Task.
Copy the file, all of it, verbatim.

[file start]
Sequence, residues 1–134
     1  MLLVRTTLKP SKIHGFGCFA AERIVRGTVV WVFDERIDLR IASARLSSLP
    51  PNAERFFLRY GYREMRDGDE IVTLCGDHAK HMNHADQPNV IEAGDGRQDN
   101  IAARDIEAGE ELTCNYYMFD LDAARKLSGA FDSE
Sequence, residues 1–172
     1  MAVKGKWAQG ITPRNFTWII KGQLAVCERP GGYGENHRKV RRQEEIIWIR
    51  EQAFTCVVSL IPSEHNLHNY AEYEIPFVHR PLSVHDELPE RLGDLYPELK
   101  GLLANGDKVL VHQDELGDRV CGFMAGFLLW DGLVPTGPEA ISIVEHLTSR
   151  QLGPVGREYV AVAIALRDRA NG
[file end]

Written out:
Sequence, residues 1–134
     1  MLLVRTTLKP SKIHGFGCFA AERIVRGTVV WVFDERIDLR IASARLSSLP
    51  PNAERFFLRY GYREMRDGDE IVTLCGDHAK HMNHADQPNV IEAGDGRQDN
   101  IAARDIEAGE ELTCNYYMFD LDAARKLSGA FDSE
Sequence, residues 1–172
     1  MAVKGKWAQG ITPRNFTWII KGQLAVCERP GGYGENHRKV RRQEEIIWIR
    51  EQAFTCVVSL IPSEHNLHNY AEYEIPFVHR PLSVHDELPE RLGDLYPELK
   101  GLLANGDKVL VHQDELGDRV CGFMAGFLLW DGLVPTGPEA ISIVEHLTSR
   151  QLGPVGREYV AVAIALRDRA NG